The point, though, is that it was a matter of synchronicity, with multiple technologies converging simultaneously. Those guys were the right age at the right time and they seized the opportunity.

Target: 2005

YouTube launched in 2005 and was unutterably awful.

The general consensus among filmmakers, even amateur filmmakers, was to stay well away. If you were even slightly serious about your work, you didn’t put it on YouTube. For those who had battled through the wild digital frontier, there was genuinely no reason to use the lackluster new service, even if it was free.

It wasn’t evident immediately but YouTube – and its peers – would go on to fundamentally change the way video is consumed. That change took several years but would prove to be to the benefit of indie filmmakers, shaking up the established television, movie and advertising industries in the process..

The Gutenberg moment

YouTube is the video equivalent of the printing press. Back in the 15th century, only a handful of people could write and even fewer people could produce distributable material. Almost overnight, the printing press made it possible to mass produce the written word, beginning a transformation of global society and culture.

“Printer in 1568-ce” by Jost Amman — Meggs, Philip B. A History of Graphic Design. John Wiley & Sons, Inc. 1998. (p 64). Licensed under Public domain via Wikimedia Commons

The invention led directly to the explosion of writing ability in the ensuing centuries, as people realized the power of the written word for communicating and sharing information. It changed politics, culture, education, social hierarchies.

Before YouTube, hardly anybody could make movies. From the birth of cinema until the 1980s, making a movie required expensive and complicated equipment. The 80s introduced consumer video cameras but they were universally terrible and barely suitable even for holiday videos.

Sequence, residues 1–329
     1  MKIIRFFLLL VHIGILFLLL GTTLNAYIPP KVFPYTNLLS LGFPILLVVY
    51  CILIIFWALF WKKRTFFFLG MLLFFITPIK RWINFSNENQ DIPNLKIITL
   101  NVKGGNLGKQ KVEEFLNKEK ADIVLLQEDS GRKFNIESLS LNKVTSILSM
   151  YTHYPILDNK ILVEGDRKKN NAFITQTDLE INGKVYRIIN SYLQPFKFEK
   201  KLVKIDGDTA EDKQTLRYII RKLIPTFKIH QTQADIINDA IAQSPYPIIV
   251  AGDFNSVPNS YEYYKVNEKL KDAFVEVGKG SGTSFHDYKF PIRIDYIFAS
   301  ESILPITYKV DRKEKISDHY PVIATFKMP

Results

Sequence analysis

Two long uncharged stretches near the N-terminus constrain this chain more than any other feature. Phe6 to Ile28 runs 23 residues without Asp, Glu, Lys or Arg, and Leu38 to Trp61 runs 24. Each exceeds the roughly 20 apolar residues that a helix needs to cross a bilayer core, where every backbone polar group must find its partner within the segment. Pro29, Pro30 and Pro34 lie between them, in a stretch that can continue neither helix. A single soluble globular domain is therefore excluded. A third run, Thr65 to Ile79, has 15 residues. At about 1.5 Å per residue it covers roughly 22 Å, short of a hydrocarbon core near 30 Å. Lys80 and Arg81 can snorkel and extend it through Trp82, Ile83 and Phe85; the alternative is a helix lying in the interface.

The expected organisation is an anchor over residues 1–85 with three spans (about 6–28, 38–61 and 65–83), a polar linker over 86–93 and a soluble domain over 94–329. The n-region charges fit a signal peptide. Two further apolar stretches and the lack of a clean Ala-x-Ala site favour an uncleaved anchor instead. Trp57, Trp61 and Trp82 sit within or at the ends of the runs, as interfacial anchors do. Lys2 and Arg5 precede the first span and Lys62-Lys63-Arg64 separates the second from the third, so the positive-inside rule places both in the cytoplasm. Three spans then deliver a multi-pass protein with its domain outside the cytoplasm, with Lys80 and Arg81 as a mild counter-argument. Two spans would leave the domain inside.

Fast forward to 2005 and high quality standard def is commonplace, with HD cameras already starting to make an impact. While HD video spread slowly to DSLRs and smartphones, YouTube gradually set to increasing its quality year-on-year.

All the technological pieces fell into place. It was a total sea change and it triggered a cascade of technology, accessibility and creator skill.

21st century realities

Here we are, in 2014, with a video and filmmaking landscape that would be entirely alien to anybody observing from even 10 years ago.

There is unprecedented choice of hardware and software, for every scale of budget. Just as those early genre pioneers developed their skills and turned into the likes of Corridor Digital and Rocketjump, so FXHOME’s products have progressed to become HitFilm, delivering the kind of power which would have cost tens of thousands of dollars in the 90s.

In 2014 you can shoot a video, in HD, and distribute it to the entire world, for free, attracting audiences of hundreds, thousands or even millions. The technological and distribution barriers have shattered, leaving that core essential: the skill of the creator.

New careers are being forged. Creator culture is impacting on all industries with initiatives such as Kickstarter and Patreon attempting to do for funding what YouTube did for distribution. The established film, television and advertising industries are running to catch up and are actively recruiting based on YouTube and Vimeo showreels.

It’s the best time to be a creator

More video material is being produced every minute than could ever be watched in a human lifetime. The full ramifications of this have yet to be seen. As with any technological leap, it goes both ways. How does omnipresent video affect privacy, security, propaganda, news reporting? We’re still figuring that out.

What we do know is that there’s never been a better time in human history to be the kind of person who just likes to make stuff.

And next week it’s going to get even better.